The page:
• NetBeez is an active network performance solution that uses hardware agents to perform end-to-end measurements.
  • NetLimiter is a traffic monitoring and shaping software for Windows.
  • ntopng is an open-source, real-time, web-based traffic monitoring for Unix (Linux, Mac OS X, FreeBSD) and Window systems.
  • SolarWinds Orion NPM is a network monitoring system that polls devices on a regular interval using ICMP, SNMP, and/or WMI as well as receive SNMP Traps and Syslog messages in real time. It then processes and presents this data in an easy to use and fully customizable web console. Out-of-the box the program can be configured to scan and start monitoring your entire network without much setup or customization time. However, its real strength is in its ability to be customized to fit your needs including customized web views, reports, thresholds, alerts (email, SMS, run a script, etc...). They also make other modules like SAM for Application Monitoring, NTA for Netflow Traffic Analysis, NCM for device configuration backups and batch editing, and many many more modules, most of which fully integrate into the NPM web console or can be used as stand-alone products. Their core customer is small to large businesses and they offer full support as well as one of the best and most active help websites at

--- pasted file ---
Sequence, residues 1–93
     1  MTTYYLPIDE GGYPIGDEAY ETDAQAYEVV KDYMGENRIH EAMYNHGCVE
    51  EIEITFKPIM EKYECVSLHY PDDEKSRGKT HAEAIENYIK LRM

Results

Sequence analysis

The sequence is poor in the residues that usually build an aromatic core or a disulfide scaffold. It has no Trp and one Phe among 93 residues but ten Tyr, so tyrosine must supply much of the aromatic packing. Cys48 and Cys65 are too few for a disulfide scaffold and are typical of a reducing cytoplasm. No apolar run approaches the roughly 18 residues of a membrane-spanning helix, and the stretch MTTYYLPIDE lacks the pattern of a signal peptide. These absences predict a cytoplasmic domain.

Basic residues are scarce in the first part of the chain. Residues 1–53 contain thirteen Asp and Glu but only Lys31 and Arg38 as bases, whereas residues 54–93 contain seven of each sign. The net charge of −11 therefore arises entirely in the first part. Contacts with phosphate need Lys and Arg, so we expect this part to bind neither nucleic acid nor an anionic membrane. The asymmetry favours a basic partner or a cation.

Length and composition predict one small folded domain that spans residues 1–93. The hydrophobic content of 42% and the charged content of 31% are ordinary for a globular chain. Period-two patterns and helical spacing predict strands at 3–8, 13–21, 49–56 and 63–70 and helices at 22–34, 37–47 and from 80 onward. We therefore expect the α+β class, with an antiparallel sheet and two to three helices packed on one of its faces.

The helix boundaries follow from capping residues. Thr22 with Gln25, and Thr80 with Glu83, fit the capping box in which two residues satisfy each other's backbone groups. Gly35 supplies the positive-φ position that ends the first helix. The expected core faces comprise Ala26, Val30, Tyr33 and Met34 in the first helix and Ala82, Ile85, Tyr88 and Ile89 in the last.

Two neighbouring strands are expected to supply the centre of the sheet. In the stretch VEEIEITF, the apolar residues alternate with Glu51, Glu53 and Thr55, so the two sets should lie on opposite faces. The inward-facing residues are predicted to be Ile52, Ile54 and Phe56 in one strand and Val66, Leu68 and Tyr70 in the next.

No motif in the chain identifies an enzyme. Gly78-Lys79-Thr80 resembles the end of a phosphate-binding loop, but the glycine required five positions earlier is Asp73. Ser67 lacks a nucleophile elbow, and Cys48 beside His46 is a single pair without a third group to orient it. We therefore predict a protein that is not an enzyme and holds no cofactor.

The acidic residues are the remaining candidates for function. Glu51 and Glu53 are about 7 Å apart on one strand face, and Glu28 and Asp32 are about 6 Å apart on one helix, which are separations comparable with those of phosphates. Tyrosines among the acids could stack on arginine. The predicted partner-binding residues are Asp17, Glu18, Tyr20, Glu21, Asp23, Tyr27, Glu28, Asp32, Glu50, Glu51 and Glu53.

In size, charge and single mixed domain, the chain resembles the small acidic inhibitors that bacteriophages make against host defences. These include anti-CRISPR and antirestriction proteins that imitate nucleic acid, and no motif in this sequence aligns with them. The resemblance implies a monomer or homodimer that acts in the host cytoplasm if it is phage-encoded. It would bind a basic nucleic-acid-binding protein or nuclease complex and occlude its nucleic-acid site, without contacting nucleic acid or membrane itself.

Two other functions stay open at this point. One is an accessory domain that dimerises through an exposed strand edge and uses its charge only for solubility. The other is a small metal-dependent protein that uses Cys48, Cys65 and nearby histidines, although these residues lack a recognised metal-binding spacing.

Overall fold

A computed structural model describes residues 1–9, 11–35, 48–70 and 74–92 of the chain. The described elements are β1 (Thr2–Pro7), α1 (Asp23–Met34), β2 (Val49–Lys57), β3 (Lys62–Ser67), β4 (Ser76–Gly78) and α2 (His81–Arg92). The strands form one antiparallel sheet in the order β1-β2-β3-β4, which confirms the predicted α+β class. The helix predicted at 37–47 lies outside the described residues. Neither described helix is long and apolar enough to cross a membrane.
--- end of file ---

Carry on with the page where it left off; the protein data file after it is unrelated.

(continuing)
• OmniPeek is an end-to-end network monitoring solution, offering support for many packet adapters and remote collectors.
  • Observium is an autodiscovering network monitoring application focusing on extensive data collection and graphing of network infrastructure.
  • PRTG runs on Windows, with graphical and web interfaces. It captures packets using Cisco Netflow or packet sniffing or uses SNMP to monitor bandwidth usages.